Renovations for Laconia’s Colonial Theatre Are Underway

Photo by Matthew Lambros

Standing in Laconia’s Colonial Theatre today, you can still imagine how it must have looked when it first opened in 1914. Despite the current disrepair, the bones of a beautiful performing arts space remain. Soon, though, you won’t have to imagine the gilded details and bright paint — renovations to restore the theater to its original state are in progress.

The Colonial was built under the direction of then-owner and Venice, Italy, native Benjamin Piscopo, and was designed by George L. Griffin in the neoclassical style, hence the mural of a Venetian scene pictured here. The 1,400-seat theater used to show a mix of stage shows, vaudeville and even films, and when renovations are complete, the theater will be a multiuse performing arts center with 750 seats, with 450 at the orchestra level and 300 in the balcony. Renovations began in October, and will include other storefronts and apartment spaces alongside the theater. Justin Slattery, executive director of the Belknap Economic Development Council, which owns the Colonial property, says that the renovations should be a “catalytic project for Laconia and the region.” The project is one of the largest historic preservation projects in state history, and the finished design, performance and technical capacity will make it one of the most advanced civic auditoriums in New Hampshire.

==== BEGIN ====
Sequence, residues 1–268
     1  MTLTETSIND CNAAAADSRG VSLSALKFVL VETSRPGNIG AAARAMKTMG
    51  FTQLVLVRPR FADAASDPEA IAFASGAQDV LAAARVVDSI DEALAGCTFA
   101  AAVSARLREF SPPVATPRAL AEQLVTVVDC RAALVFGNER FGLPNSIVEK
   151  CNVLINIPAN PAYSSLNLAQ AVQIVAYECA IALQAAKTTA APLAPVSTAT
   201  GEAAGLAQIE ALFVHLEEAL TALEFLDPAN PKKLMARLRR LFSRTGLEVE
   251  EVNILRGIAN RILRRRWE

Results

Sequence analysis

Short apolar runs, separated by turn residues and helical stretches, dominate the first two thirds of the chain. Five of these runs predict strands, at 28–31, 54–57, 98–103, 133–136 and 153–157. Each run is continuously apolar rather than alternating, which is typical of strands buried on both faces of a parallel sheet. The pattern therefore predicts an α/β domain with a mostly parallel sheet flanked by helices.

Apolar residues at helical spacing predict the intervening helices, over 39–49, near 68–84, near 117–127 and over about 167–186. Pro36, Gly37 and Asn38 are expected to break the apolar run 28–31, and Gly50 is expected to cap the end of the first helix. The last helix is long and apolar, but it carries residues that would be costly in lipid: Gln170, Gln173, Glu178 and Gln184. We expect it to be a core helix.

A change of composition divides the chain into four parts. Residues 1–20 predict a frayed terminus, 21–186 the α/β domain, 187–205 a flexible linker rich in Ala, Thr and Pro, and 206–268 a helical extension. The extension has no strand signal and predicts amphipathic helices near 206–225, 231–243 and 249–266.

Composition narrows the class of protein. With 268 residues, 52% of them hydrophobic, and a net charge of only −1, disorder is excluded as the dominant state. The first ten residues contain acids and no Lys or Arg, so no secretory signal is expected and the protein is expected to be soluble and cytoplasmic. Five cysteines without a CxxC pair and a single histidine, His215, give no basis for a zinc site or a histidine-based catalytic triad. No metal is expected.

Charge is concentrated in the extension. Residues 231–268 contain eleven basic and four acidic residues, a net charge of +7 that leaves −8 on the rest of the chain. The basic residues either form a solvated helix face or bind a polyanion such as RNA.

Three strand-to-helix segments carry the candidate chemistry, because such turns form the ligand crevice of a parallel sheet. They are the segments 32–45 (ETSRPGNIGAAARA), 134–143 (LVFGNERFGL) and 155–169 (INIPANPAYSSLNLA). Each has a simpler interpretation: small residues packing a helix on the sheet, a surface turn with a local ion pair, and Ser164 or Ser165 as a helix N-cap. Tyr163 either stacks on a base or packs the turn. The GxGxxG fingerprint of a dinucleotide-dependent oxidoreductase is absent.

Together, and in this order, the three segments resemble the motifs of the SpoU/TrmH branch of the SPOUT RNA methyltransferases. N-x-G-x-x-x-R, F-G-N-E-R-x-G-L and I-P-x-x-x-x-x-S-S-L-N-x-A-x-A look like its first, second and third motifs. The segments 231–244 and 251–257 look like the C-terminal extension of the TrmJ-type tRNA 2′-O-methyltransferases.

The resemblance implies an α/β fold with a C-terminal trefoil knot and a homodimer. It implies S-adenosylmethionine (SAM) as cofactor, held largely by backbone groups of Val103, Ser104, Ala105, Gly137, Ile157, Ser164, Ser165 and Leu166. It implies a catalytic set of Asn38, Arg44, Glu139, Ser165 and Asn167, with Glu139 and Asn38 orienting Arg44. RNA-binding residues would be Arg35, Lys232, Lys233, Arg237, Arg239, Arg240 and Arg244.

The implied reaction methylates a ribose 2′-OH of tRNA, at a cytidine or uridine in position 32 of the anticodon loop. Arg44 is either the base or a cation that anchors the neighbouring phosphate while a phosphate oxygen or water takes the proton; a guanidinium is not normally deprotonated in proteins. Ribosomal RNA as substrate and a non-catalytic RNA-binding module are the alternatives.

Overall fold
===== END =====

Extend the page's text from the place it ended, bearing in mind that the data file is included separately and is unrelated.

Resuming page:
The opening photo is from Matt Lambros’ book “After the Final Curtain: The Fall of the American Theatre,” in which you can learn more about the Colonial Theatre as well as other theaters from around the country. See more at afterthefinalcurtainbook.com and afterthefinalcurtain.net.

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